Prof. Walter Schaeken
Prof. Lorenz Demey
There is a great similarity in the knowledge modelling process between education and knowledge engineering. In education, psychometrician and educator work together to assess students’ knowledge states and what they are ready to learn next. Knowledge Space Theory (KST) maps out the knowledge structure of different concepts that a student can learn and the dependencies among these concepts. Meanwhile in knowledge engineering, knowledge engineer and domain expert work together to extract business knowledge so that they can automate decisions according to the client's situation. Common business knowledge representation standards such as Decision Model and Notation (DMN) provide the industry with a modelling notation that supports decision management. The similarity of the collaborations among stakeholders in the knowledge extraction process motivates us to investigate the possibility of applying KST in the industrial setting. However, KST lacks the ability to model the learning of contingent information, such as learning whether or not a given client speaks English (e.g., to determine if a translator is needed). If one learns that a particular client does in fact speak English, it becomes impossible to later learn that this same client does not speak English. This violates KST's assumption that knowledge is always cumulative. We propose as a solution to use bitstring semantics to represent the contingent knowledge. Bitstring semantics is a recent logical formalism exploring the meaning relations between different expressions. In this talk, we will illustrate how we can extend previous work on KST with bitstring semantics to construct contingent knowledge structures.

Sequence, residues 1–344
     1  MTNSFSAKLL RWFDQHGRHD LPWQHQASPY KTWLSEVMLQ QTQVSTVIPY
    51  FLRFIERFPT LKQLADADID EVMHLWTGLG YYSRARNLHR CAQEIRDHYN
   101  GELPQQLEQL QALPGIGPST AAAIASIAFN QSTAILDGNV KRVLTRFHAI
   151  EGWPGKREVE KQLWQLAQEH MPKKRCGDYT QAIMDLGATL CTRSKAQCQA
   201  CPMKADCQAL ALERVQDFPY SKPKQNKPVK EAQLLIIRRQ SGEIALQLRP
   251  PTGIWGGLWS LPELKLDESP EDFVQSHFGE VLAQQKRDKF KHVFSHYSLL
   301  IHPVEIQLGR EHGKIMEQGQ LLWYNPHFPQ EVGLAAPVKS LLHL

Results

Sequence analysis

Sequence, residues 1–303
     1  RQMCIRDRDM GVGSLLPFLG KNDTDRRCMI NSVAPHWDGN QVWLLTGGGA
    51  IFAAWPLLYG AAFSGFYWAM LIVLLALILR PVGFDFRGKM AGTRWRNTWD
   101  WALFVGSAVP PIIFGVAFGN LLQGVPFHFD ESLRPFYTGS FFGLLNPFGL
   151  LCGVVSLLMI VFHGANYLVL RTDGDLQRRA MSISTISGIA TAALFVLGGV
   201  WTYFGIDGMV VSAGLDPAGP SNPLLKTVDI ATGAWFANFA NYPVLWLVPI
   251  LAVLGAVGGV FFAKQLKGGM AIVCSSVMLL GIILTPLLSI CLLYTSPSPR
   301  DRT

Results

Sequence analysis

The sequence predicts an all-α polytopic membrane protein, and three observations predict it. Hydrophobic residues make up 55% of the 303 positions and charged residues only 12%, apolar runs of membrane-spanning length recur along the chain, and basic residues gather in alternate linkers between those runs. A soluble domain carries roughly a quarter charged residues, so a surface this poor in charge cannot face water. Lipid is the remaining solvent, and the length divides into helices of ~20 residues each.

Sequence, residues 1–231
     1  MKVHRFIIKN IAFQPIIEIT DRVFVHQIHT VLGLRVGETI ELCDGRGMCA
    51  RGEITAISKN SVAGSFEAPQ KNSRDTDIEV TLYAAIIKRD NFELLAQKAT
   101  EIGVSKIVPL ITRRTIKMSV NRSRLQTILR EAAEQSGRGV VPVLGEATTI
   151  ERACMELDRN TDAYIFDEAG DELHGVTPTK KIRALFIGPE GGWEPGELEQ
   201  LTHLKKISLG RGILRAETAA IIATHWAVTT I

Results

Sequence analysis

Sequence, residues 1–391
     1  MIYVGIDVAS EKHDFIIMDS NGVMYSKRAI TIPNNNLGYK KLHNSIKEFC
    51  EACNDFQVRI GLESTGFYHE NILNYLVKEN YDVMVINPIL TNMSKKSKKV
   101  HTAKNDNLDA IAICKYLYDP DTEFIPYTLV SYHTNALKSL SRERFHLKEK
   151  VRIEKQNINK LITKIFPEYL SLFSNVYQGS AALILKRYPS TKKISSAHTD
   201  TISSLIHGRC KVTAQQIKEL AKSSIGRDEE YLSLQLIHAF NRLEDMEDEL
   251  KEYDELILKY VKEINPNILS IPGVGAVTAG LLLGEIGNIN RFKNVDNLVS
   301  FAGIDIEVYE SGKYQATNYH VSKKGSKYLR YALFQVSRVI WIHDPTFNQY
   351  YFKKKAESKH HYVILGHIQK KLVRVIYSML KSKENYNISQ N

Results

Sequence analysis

Dr. Ehtibar N. Dzhafarov
Many systems in which contextuality is studied have in common that their (non)contextuality is determined by particular configurations of pairwise correlations. Such systems are used to describe the question order effect in psychology, the Einstein-Podolsky-Rosen-Bohm paradigm in quantum physics, and many other situations. The prominence of pairwise correlations leads one to the incorrect intuitive idea that all contextuality appears on the level of pairwise associations, perhaps even only within cyclic subsystems. We present a new, hierarchical measure of (non)contextuality in which contextuality may arise at the level of pairwise, triple, quadruple, etc. associations of random variables. This measure allows one to look at (non)contextuality as varying not only in degree but also in pattern.
Prof. Timothy Brady